So, I've got yellow highlights coming out of these, and I just set the exposure for those flashes by guessing at the beginning. I ended up having to make some adjustments to that, but I just went off of instinct on my initial power settings on those. I chose to put the lights at a pretty severe angle to the background for a couple of reasons. The first was to take advantage of the kind of the depth that we created with those vertical tubes. We offset them a little bit and by getting that light pretty far off to the side we were able to create some shadows.
The other thing that I wanted to do is to really keep the light from spilling on to the model, and I was--it's a little bit easier to flag her off by virtue of having those lights pretty far around to the back side. So I think we're off to a good start if we can keep that colored light off of her. The very first shots that I did were with the little accent lights in these elbow bends, and so when I put those in place and didn't have the other two lights going on, I got a really nice saturated color coming off from them, but by virtue of then adding the two background lights that kind of got diluted, so I needed to revise that a little bit.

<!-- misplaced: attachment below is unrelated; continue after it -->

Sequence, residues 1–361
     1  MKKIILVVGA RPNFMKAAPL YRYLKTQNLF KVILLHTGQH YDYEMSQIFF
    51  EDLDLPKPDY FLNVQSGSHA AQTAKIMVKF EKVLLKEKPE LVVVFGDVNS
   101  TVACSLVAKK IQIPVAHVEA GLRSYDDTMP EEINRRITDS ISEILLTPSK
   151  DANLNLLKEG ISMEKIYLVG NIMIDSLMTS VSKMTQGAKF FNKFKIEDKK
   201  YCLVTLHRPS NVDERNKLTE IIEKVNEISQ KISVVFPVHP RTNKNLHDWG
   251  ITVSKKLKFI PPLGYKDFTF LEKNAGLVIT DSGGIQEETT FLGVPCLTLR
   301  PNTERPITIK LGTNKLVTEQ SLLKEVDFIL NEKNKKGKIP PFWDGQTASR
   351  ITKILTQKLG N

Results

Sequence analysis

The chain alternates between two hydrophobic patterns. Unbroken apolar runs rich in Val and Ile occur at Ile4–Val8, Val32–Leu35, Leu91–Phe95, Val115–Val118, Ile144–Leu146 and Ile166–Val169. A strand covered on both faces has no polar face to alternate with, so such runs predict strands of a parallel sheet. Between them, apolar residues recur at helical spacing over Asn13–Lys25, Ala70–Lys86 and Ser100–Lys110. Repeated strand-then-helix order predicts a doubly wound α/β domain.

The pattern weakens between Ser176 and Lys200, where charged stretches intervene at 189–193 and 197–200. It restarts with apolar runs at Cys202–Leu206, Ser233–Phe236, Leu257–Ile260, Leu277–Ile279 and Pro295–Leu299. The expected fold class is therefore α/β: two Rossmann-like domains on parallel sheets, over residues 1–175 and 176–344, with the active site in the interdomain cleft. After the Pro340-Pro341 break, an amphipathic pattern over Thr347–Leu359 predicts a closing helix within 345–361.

After about 10 minutes' time, we got the background lights set pretty much the way that we wanted them. So, then it was time to start working on the key light on the model herself. All right, so if you can just hold your arms out like that because I want to see how we did with two flags. One of the things when you're using multiple lights is really being aware of how those lights interact with one another or overlap, and oftentimes you don't want them to. And certainly in this case, in the initial set up we didn't want that.